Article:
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This workshop will prepare you to easily interview family members.  We will cover an introduction to oral history, interviewing techniques, the use of a digital recorder, and methods to preserve your recording.

Date & Time:
6:30pm – 8:00pm, Wednesday, June 26, 2019
Location:
Main Library, Community Room
REGISTER HERE


Robert Johnson’s signature from the Johnson Family Bible, a new Cambridge Room acquisition.

Join us to commemorate Juneteenth, the holiday celebrating the emancipation of enslaved African Americans in the former Confederate States of America, by exploring the fascinating life of Robert Johnson, fugitive slave and abolitionist, and his connection to Cambridge.

We will offer two programs on the same evening:  a genealogy workshop and a reception and talk.

Workshop:  The Robert Johnson Family Tree:  Researching an African American Abolitionist Family
We will explore the paths our genealogical research took, plot out the Robert Johnson Family tree and his connection to Cambridge, and offer tips for researching African American genealogy.

Date & Time:
6:00pm – 6:45pm, Wednesday, June 19, 2019
Location:
Main Library, Cambridge Room
REGISTER HERE

Talk and Reception:  The Robert Johnson Family Bible
Come see an important new Cambridge Room acquisition and learn about Robert Johnson, fugitive slave and abolitionist, and his family’s connection to Cambridge.  This is the first in a series of programs featuring gems from the Library’s Archives and Special Collections.

Date & Time:
7:00pm – 8:00pm, Wednesday, June 19, 2019
Location:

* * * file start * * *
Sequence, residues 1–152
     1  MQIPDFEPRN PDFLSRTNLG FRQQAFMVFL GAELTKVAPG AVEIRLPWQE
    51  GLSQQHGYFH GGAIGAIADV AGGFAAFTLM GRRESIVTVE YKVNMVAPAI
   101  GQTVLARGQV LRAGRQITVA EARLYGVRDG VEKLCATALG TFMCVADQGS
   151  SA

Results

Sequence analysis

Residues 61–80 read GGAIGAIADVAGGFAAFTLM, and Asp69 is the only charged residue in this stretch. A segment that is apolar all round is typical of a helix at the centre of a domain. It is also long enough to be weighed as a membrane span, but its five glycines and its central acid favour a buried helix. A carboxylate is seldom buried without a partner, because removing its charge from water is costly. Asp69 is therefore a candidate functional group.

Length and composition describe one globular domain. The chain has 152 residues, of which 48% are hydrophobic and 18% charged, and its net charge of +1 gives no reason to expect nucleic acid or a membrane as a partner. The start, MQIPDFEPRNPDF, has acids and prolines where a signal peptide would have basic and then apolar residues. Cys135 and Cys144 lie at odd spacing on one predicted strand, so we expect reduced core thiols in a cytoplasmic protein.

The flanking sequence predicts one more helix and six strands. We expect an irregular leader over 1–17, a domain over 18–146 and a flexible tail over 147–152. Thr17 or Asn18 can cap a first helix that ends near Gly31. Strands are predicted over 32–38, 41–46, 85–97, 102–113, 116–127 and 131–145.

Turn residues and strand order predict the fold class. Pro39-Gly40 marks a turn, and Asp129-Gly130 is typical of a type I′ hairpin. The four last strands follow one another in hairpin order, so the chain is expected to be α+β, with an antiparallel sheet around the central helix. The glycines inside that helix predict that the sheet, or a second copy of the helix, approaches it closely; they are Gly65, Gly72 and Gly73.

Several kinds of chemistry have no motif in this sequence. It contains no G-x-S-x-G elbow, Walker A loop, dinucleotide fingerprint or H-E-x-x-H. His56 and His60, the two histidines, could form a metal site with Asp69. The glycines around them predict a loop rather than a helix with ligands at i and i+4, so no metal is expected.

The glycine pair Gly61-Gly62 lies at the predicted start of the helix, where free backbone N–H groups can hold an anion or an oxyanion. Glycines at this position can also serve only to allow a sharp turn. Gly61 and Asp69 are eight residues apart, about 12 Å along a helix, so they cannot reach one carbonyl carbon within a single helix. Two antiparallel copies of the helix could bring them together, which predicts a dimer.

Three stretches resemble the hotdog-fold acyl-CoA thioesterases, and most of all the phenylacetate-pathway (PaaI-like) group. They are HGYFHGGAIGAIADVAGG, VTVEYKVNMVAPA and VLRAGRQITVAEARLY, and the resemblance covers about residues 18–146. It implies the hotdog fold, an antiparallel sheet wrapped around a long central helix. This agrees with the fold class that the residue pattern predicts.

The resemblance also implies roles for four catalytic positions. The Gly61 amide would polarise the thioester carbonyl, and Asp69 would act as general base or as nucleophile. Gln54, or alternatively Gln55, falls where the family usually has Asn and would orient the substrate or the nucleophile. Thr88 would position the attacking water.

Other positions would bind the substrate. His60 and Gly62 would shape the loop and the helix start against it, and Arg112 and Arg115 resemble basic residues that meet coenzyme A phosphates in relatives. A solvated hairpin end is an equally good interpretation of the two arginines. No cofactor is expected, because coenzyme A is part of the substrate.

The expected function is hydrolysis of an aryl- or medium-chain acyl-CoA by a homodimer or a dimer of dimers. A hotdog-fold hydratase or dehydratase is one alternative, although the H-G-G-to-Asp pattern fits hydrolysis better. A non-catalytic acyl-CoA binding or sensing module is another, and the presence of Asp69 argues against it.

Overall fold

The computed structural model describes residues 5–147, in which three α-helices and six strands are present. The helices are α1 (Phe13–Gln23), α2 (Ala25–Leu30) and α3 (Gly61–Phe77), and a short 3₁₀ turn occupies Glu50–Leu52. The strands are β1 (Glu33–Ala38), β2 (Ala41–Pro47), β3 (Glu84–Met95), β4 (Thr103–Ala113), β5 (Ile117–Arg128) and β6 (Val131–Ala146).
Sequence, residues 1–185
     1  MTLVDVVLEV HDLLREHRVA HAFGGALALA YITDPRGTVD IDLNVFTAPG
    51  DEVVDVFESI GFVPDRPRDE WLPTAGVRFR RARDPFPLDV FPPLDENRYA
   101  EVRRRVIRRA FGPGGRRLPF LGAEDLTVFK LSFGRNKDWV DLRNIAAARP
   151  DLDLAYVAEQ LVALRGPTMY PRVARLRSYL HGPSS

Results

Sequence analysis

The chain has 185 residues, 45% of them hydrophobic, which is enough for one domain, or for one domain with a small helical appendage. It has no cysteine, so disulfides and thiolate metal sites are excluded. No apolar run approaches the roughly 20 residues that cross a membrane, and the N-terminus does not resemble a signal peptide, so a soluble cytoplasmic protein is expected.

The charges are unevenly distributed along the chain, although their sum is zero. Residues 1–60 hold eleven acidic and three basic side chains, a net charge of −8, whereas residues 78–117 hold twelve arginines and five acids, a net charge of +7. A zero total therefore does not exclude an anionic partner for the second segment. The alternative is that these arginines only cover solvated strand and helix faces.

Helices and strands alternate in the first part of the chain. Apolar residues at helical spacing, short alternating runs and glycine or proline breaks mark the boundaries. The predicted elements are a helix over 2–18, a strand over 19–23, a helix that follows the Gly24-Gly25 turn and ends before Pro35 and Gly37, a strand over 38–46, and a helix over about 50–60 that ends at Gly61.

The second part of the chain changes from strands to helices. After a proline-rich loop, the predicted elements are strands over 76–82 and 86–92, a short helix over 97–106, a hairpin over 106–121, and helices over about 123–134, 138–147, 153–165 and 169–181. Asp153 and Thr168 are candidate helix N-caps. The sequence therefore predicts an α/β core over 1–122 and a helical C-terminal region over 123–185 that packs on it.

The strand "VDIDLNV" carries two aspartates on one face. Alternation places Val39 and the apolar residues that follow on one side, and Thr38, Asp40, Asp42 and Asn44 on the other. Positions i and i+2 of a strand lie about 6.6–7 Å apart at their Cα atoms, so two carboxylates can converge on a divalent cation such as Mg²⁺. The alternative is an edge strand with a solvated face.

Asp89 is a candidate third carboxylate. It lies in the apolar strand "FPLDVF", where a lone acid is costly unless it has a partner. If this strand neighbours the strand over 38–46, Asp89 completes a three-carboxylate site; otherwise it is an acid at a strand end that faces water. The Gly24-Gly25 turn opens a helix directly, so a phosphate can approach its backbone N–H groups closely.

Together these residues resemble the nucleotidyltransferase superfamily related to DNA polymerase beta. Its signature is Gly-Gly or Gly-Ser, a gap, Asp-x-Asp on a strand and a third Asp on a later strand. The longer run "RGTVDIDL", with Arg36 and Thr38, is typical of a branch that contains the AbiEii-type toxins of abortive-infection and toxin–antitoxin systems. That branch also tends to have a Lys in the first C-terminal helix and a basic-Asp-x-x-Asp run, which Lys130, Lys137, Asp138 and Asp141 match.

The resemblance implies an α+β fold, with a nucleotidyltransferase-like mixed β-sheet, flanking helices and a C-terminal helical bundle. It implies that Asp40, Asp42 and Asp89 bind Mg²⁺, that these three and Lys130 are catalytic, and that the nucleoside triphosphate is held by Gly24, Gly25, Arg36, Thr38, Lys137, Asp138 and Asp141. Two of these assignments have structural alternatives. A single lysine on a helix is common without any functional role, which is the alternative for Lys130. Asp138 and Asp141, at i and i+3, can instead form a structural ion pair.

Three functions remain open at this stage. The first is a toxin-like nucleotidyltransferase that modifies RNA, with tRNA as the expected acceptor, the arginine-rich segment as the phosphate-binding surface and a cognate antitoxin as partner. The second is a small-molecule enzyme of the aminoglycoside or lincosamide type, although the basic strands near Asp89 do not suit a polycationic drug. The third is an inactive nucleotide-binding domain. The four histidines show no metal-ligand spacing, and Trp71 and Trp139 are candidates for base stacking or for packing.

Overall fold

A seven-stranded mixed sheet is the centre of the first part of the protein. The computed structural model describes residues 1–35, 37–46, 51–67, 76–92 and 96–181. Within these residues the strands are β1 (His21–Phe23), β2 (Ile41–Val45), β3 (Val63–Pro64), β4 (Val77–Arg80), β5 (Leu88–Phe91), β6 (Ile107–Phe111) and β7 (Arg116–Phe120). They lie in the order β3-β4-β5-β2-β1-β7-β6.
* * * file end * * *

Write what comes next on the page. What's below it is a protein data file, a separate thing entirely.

Main Library, Cambridge Room
REGISTER HERE

This is a recipe from Anthony Simeone’s memoir, Recipes from Papa:  Food, Family & Memories of Growing Up Italian American.  His father, Salvatore, founded Simeone’s Italian American Restaurant, which was on Brookline Street in Cambridge for 30 years from 1946 to 1976.  The excerpt of the book is from Simeone’s Italian American Restaurant Memorabilia Collection.

Discovering Our History, Telling Our Stories

Digital stories created by students in a collaboration with CCTV and Cambridge Public Library genealogy workshops

In late 2017, the Cambridge Public library began a collaboration with CCTV to work with students in the library’s genealogy workshops. The purpose of the program, funded by the Massachusetts Cultural Council and the Cambridge Arts Council, was to teach those who had been studying their families’ histories the technical skills to produce digital stories about their families.

Here’s one of those stories.

Discovering Our History, Telling Our Stories

Digital stories created by students in a collaboration with CCTV and Cambridge Public Library genealogy workshops

In late 2017, the Cambridge Public library began a collaboration with CCTV to work with students in the library’s genealogy workshops. The purpose of the program, funded by the Massachusetts Cultural Council and the Cambridge Arts Council, was to teach those who had been studying their families’ histories the technical skills to produce digital stories about their families.

Here’s one of those stories.


An image from Gilda Bruckman’s short film, “Gravestone Mysteries,” created as part of the Cambridge Public Library and CCTV’s collaborative program, Discovering Our Histories, Telling Our Stories.

By Denny Hackett / Cambridge@wickedlocal.com
Posted November 26, 2018
Printed Edition:  November 29, 2016

Missing gravestones, immigration, the origins of unique family names: these are just some of the stories the people of Cambridge have to tell. On Nov. 15, after a six-week course, 10 residents showcased the intricacies of their family histories during a film screening at the Cambridge Public Library.  Read the rest of the article here.

Discovering Our History, Telling Our Stories

Digital stories created by students in a collaboration with CCTV and Cambridge Public Library genealogy workshops

In late 2017, the Cambridge Public library began a collaboration with CCTV to work with students in the library’s genealogy workshops. The purpose of the program, funded by the Massachusetts Cultural Council and the Cambridge Arts Council, was to teach those who had been studying their families’ histories the technical skills to produce digital stories about their families.

Here’s one of those stories.